The court found Ireland had failed to make adequate legislation for dealing with domestic waste-water from septic tanks and other on-site wastewater treatment, last Friday (October 31).

Ireland, mainly due to its rural communities, has a larger than average amount of septic tanks compared with other European nations with a total of about 440,000.

This compared with Scotland where there is an estimated 100,000 and about 800,000 thought to be in use in England

Irish Labour MEP, Nessa Childers, who sits on Europe’s environmental committee, called the ruling an ‘abject failure’.

She said: “This ruling against Ireland slams the government’s abject failure to comply with EU law in regard to the operation of septic tanks and is a damning indictment of this administrations ‘green’ credentials.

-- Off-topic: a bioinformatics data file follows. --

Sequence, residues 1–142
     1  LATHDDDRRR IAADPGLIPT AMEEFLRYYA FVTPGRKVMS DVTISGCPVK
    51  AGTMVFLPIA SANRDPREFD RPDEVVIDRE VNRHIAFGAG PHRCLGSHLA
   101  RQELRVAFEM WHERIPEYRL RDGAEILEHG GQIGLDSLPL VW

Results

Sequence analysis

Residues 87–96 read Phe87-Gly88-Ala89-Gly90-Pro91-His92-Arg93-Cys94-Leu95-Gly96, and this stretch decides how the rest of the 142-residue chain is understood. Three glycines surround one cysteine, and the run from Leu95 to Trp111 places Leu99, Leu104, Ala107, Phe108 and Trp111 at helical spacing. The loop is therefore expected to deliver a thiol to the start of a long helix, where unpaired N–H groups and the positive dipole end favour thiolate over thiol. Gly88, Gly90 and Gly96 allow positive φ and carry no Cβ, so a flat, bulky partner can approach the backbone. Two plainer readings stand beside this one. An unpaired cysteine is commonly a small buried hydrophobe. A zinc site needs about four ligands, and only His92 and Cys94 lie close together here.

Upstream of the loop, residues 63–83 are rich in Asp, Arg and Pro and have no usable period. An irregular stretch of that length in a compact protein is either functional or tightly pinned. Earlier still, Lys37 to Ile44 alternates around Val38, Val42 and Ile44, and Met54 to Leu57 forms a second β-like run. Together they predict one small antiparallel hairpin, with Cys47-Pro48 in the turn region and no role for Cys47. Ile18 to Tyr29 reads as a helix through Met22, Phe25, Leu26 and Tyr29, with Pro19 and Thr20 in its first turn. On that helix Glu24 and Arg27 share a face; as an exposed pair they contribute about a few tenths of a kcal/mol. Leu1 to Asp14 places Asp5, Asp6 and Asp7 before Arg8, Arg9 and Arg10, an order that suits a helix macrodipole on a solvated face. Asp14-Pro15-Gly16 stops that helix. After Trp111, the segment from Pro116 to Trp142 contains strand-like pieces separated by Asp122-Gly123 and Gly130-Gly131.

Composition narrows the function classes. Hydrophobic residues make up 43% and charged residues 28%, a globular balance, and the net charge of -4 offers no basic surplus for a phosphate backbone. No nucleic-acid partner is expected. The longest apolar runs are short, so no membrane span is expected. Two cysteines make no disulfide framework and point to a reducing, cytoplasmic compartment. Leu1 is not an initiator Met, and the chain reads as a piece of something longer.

“I believe this judgment is all the more embarrassing for the Green Party given the fact that the minister for the environment John Gormley has spent the last year effectively arguing on the basis of technicalities before the European Court of Justice that Ireland was acting in full compliance with the EU Waste Water Directive, when it was manifestly not.”

Irish minister for the environment, heritage and local government, John Gormley, hit back saying he was looking at introducing a licensing and inspection system for septic tanks.

He said: “Earlier this year I brought a memo to government identifying the need for a licensing and inspection system for septic tanks.

“I will be asking the public to contribute to the debate on how this ruling can be addressed and on the means of advancing the commitment.”

The minister added that under existing legislation, householders already have a duty of care to ensure that their systems do not pose a risk to human health or the environment

The full judgement can be read here.

Luke Walsh

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